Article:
As COVID cases surged across many states, and now are doing so again, the mental health industry needs to act fast in order to help people who are falling into their own crisis
Previously published on permission.
The constant stream of stressful news never seems to end. A confluence of earth-shattering events – the coronavirus pandemic and mass protests against racial injustice – causes millions of people to check on the latest developments via their social media feed.
The habit has given rise to the term “doom scrolling” – continuing to scroll through bad news even though it’s disheartening or depressing. But while technology can keep people down in the dumps with reports of the latest dismal events, it also provides a way for them to improve their mental health.
And that’s important because the pandemic is pushing America into a mental health crisis, says Matt Marek, founder and CEO of Good Neighbor (www.goodneighbor.care), which provides mental health services and assistance with developmental disabilities.
“As COVID cases surged across many states, and now are doing so again, the mental health industry needs to act fast in order to help people who are falling into their own crisis,” Marek says. “But the good news is that the industry is better equipped to help people, thanks in large part to technology.”
Marek points to three key technological access points that make help for mental health troubles more readily available:
- Smartphone apps. These can help people cope with anxiety, depression, addiction and other disorders. There are hundreds of available apps, and they allow users to share stories and cope with symptoms. “When you can’t afford therapy but are struggling to handle your illness alone, apps are a good alternative,” Marek says. “Most are free and others are reasonably priced, and they offer resources that make therapeutic techniques more accessible and cost-effective. Mental health apps also can provide useful data to therapists and physicians as well as benefit patients.”
- Telehealth. With social distancing still a primary safety measure, telehealth allows the patient to video conference with the doctor, and the method is gaining momentum in mental health. “Telehealth offers many advantages for mental health treatment,” Marek says. “It improves access and comfort for patients who won’t see a doctor in person, and sometimes video conferencing is more beneficial than phone calls because a human connection happens faster via video. Many people in the wellness industry are still trying to figure out how to incorporate mental health into their practice, and telehealth offers that integration.”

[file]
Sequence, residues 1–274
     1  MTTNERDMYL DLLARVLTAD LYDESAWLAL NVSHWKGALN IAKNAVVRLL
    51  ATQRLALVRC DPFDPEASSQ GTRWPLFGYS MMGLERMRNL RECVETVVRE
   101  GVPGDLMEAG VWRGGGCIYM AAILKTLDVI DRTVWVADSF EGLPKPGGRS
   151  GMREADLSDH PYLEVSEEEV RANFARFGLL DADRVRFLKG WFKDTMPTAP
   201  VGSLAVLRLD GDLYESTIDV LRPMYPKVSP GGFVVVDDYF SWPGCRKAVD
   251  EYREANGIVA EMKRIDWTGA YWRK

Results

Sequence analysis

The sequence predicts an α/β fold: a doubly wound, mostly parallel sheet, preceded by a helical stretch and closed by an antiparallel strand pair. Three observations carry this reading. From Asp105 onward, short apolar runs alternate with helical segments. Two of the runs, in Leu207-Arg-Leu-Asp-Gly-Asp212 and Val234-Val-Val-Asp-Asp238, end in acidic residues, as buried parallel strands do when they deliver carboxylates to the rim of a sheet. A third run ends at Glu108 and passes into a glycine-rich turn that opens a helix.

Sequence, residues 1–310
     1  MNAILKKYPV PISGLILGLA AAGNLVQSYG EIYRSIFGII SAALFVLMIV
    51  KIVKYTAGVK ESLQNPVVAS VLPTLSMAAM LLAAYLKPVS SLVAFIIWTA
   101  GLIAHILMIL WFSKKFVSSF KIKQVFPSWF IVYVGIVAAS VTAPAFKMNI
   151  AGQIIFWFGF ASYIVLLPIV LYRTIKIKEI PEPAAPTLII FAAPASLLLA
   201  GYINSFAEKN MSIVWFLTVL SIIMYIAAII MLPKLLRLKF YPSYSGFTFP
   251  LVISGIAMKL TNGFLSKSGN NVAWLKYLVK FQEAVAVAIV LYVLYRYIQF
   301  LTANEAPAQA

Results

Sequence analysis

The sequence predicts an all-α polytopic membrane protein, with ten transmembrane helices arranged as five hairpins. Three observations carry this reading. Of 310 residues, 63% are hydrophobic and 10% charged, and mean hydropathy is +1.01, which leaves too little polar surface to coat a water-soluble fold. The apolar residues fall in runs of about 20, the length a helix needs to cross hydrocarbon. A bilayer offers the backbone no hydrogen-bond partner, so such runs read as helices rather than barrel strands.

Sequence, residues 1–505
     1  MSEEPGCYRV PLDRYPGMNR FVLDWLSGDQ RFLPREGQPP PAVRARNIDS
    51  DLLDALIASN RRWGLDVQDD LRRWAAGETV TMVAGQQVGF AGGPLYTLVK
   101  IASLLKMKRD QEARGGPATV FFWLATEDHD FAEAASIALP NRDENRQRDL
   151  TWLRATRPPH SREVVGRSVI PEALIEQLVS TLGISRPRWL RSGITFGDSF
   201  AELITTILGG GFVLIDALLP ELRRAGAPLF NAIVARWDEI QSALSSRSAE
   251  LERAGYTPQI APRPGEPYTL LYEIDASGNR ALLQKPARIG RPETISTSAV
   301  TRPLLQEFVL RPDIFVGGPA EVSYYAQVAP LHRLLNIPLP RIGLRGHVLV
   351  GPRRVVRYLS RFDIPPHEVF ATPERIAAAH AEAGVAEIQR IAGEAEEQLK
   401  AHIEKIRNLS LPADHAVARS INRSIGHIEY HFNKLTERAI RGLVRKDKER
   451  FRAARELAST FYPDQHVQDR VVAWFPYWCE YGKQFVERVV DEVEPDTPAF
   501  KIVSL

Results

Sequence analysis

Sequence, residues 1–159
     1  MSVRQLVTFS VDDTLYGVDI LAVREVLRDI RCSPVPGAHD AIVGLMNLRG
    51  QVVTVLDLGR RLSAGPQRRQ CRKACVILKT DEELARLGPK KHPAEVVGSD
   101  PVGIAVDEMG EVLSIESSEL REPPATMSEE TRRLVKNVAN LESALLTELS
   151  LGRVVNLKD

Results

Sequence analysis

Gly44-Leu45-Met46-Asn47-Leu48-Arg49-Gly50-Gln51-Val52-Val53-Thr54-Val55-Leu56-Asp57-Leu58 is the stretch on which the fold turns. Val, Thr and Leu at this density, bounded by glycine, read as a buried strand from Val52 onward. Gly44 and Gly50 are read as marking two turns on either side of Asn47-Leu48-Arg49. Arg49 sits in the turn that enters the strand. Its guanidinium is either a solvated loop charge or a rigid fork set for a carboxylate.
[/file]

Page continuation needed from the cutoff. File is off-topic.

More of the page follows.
- Internet support groups. With some people not comfortable attending support groups near their homes, internet support groups provide an alternative. “People can be anonymous and feel comfortable revealing their struggles and engaging with other participants,” Marek says. “One of the best things about support groups always has been the sense of community and comfort in relating to others going through similar struggles as yourself. For a time, you forget that feeling of being alone. Also, support groups often provide resources for mental health information and professional help.”
The toll these life-changing times are taking on the general population’s mental health cannot be overstated. A Kaiser Family Foundation poll found nearly half the people in the United States feel the COVID-19 pandemic is affecting their mental health.
Accessibility to mental health treatment has long been a problem, with people sometimes waiting three to six months to get an appointment, Marek says. The effects of the pandemic on people’s sense of isolation, anxiety, and the economy, coupled with the emotional impact of the social unrest, have made mental health options more important than ever.
“Challenging times like this exacerbate mental health struggles,” Marek says. “Many suffer in silence, but they don’t have to. Technology has opened the door to more people to get the help and support they need.”
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